LITTLE DIOMEDE, ALASKA, AUG. 7 -- Endurance swimmer Lynne Cox spent two hours and five minutes plying the icy Bering Strait today, completing an unprecedented swim from American to Soviet territory.
Escorted by a Soviet vessel and two Eskimo walrus-skin boats carrying researchers and reporters, Cox arrived at the Soviet island of Big Diomede at 1 p.m. after a swim of four miles in 44-degree water.
Cox, 30, was welcomed to Big Diomede by about 30 Soviet journalists, sports officials and Siberian natives. They zipped her into a sleeping bag in a charcoal-heated tent to rewarm her body to a normal temperature, then celebrated her feat with a beach-side picnic.
"They were incredible. They met us at the date line with escort boats, and they had a tea party for us," Cox said in a telephone conversation with Alaska Gov. Steve Cowper (D) on her return here.
Cox, of Los Alamitos, Calif., is a pioneer of long-distance swims around the world.
The 100 residents of Little Diomede turned out this morning as Cox and an entourage of 11 researchers and reporters piled into two skin boats for the trip through fog and drizzle and calm seas to the starting point.
Adults cheered and children dropped red and blue balloons into the water.
She started her swim from Little Diomede's south end to compensate for tides and currents. Although the distance to Big Diomede is 2.7 miles, Cox had to swim four or more miles to get across.
A 20-foot Soviet vessel joined the escort around noon, when Cox reached the swim's halfway point at the international date line.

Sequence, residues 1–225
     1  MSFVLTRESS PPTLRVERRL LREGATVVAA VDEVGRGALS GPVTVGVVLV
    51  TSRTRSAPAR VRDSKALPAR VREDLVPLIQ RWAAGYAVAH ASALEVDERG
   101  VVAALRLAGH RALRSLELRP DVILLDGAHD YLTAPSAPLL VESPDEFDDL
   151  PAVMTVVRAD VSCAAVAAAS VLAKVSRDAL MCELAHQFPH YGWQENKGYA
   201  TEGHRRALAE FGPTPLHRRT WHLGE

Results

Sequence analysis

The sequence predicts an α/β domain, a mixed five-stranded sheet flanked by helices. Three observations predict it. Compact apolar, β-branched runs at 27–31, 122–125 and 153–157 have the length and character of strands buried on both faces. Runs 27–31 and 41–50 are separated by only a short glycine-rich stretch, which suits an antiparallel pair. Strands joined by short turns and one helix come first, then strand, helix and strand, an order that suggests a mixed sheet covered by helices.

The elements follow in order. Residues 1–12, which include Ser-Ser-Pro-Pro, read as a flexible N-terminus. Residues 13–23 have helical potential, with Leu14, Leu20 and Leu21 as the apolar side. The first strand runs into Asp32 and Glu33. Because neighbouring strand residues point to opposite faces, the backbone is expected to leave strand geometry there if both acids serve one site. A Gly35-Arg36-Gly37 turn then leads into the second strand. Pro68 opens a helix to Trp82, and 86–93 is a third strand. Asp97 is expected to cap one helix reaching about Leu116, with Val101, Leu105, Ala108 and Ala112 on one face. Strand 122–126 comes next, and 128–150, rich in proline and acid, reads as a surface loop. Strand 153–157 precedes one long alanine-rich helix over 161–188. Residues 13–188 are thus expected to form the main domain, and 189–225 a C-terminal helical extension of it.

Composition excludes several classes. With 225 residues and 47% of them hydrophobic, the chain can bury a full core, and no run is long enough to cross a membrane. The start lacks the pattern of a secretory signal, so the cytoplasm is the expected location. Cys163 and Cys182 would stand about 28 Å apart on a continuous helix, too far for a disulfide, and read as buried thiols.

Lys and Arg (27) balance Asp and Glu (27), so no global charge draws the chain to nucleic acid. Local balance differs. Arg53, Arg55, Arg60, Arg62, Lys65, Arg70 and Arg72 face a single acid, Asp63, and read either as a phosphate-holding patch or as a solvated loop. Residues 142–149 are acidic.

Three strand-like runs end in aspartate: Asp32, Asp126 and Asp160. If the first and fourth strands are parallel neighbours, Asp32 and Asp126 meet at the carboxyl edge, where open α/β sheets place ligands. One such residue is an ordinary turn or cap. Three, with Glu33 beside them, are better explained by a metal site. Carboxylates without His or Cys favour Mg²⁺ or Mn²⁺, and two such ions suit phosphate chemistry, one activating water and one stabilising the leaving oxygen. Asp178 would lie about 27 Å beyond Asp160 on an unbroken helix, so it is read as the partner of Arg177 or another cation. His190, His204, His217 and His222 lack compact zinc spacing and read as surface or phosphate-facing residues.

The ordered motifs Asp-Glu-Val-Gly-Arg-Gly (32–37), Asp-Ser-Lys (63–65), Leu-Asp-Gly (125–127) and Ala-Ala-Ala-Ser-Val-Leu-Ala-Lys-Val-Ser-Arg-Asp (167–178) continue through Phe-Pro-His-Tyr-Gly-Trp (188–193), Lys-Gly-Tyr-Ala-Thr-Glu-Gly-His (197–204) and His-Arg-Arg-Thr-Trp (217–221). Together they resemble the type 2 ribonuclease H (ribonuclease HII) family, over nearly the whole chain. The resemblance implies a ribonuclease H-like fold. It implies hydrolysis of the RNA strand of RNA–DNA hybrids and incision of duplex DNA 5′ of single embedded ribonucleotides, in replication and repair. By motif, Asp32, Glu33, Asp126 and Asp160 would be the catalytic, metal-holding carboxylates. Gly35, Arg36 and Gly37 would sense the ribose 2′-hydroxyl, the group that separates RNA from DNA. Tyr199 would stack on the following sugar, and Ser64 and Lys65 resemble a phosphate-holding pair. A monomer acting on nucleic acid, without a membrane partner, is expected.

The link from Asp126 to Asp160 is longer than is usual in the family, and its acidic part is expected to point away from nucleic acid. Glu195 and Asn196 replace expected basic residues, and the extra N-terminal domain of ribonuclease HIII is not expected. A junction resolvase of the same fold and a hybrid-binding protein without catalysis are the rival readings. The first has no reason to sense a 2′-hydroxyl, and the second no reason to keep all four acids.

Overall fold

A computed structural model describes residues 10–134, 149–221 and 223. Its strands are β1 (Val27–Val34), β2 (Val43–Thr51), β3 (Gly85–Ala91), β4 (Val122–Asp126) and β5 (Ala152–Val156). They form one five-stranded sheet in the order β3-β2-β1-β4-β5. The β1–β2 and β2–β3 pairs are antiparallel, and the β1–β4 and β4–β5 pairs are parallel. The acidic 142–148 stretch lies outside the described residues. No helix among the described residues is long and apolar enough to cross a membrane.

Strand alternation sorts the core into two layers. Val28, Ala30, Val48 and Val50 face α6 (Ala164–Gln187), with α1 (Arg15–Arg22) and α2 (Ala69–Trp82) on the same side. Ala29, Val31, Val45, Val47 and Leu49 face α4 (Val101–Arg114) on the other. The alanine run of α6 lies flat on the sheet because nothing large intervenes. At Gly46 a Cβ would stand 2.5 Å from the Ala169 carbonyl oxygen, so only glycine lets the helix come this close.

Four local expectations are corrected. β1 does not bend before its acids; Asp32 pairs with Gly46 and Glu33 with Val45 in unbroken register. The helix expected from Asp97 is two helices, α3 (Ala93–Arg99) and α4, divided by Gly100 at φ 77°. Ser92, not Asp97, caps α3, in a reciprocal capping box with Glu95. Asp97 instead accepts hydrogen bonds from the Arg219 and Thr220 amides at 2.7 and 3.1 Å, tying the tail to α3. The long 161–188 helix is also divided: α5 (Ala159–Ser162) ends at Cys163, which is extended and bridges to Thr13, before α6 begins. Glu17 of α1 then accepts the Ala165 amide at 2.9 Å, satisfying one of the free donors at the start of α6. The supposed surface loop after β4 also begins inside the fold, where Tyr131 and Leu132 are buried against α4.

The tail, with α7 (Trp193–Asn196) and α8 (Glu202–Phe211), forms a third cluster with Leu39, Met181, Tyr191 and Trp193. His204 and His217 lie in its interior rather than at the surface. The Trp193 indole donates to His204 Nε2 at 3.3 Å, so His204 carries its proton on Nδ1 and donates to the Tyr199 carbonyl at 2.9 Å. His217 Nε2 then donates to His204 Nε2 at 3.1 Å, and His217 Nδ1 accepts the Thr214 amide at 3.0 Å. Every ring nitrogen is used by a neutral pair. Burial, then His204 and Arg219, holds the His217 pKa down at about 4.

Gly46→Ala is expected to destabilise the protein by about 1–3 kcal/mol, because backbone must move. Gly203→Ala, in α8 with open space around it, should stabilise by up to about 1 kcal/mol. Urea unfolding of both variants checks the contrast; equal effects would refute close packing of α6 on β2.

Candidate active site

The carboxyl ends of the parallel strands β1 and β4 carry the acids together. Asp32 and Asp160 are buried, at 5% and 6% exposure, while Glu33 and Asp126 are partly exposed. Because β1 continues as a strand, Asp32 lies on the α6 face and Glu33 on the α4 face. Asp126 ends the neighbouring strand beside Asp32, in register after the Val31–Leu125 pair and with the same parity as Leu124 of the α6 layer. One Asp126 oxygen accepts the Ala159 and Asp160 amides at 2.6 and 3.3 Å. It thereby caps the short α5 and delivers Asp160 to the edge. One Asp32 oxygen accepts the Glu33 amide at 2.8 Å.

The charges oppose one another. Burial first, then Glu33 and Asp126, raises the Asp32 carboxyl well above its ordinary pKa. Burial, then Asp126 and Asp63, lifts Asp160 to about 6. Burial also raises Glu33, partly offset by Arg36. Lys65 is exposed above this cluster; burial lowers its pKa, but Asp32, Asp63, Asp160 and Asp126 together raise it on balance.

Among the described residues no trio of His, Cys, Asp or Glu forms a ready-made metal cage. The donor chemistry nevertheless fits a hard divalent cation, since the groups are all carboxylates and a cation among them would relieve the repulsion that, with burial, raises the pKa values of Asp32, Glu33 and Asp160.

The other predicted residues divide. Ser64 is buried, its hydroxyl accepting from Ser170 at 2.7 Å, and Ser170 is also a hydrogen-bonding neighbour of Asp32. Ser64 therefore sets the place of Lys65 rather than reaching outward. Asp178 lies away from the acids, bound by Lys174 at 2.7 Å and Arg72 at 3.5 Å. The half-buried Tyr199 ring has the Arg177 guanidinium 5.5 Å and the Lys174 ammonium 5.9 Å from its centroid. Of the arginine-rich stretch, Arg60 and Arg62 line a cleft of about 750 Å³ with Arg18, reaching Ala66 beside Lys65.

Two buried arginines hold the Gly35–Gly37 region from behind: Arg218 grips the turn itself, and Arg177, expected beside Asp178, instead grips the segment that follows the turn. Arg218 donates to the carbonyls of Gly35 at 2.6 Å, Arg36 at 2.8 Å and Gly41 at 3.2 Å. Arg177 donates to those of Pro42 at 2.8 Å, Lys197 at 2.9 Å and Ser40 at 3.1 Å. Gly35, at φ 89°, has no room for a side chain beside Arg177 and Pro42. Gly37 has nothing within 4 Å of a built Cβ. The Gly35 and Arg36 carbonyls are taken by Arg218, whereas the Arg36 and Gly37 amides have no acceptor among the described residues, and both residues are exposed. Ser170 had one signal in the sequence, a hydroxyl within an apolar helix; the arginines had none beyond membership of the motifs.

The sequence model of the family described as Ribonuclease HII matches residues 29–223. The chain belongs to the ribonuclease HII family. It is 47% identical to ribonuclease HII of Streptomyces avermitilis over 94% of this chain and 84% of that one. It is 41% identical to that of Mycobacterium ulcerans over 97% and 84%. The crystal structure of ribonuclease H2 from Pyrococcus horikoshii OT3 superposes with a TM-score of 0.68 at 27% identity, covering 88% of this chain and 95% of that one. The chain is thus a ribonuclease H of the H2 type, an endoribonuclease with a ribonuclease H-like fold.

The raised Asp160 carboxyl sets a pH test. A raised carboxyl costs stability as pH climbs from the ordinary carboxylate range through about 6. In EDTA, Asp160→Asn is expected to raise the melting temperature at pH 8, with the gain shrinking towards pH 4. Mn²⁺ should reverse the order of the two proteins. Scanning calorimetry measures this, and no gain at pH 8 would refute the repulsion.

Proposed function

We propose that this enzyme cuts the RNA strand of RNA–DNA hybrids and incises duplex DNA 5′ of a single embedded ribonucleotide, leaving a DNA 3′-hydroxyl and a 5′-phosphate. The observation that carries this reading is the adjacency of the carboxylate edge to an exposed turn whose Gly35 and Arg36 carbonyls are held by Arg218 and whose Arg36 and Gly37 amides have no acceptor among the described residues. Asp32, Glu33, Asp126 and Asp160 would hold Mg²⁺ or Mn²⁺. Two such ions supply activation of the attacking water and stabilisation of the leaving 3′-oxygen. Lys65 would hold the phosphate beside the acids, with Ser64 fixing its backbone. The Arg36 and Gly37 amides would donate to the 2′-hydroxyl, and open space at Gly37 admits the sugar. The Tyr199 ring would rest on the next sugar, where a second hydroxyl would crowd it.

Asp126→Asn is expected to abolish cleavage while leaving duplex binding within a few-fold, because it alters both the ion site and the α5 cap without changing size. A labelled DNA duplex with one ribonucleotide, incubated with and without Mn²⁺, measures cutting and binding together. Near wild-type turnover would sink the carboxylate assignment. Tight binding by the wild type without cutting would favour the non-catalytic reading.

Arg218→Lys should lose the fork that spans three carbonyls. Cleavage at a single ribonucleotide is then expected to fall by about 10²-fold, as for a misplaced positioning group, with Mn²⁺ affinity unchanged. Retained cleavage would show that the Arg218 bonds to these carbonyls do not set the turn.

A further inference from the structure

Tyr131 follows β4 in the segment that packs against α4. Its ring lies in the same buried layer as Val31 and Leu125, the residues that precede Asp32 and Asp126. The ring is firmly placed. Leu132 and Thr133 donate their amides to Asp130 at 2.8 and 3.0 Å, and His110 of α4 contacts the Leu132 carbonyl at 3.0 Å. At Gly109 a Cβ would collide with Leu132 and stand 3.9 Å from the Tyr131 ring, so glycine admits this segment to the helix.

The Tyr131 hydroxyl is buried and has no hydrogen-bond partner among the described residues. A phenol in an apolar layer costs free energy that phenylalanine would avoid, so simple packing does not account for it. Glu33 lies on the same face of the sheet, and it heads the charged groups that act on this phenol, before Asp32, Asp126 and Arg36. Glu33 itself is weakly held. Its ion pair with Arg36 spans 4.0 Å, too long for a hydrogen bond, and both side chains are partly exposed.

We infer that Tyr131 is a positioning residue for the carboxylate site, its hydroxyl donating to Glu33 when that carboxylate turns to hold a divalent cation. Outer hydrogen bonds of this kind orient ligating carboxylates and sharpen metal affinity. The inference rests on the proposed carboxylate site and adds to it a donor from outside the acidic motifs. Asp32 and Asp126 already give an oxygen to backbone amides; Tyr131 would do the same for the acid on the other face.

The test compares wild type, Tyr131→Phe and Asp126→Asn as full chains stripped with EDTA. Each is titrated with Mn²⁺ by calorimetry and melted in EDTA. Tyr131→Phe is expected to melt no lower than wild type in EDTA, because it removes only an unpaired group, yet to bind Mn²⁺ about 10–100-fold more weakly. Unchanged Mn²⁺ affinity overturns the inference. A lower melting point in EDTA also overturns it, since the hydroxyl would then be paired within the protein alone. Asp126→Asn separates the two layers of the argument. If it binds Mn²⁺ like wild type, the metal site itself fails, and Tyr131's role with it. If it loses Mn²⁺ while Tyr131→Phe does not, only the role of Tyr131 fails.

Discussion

The two skin boats accompanying Cox were allowed to continue, but several other boats piloted by Little Diomede residents were turned back. Big Diomede, uninhabited except for a military reservation, is normally off-limits to Western travelers.
By the time Cox reached Big Diomede, her body temperature had fallen a few degrees, but she was not in danger of hypothermia, said Bill Keating, a British physiologist accompanying her. Cox said she felt tired during the last half-hour of the swim but was encouraged by the sight of the people on the beach.
"We were lucky we had pretty good conditions," she said. "The water was a little warmer than expected."
Cox spent the past several weeks in the northwestern Alaska town of Nome swimming in the 54-degree water of Norton Sound to prepare herself for what she expected to be a 2 1/2-hour ordeal. Physicians hoped her swim would help them to learn more about the body's ability to withstand cold.
"It's not just a question of physiology," Keating said. "It's a question of her making herself do the things that are needed to survive."
Doctors say the 5-foot, 6-inch Cox is able to cope with the cold because an estimated 40 percent of her 209-pound body weight is fat, which in effect serves as an insulating wet suit. Twenty-five percent body fat is considered the limit of the normal range for women.
Her aerobic capacity is estimated to be equal to that of a world-class marathon runner, enabling her to swim for long periods.
Cox has set several records for crossing the English Channel and has made pioneering swims in remote spots around the world. She began her swimming career in southern California.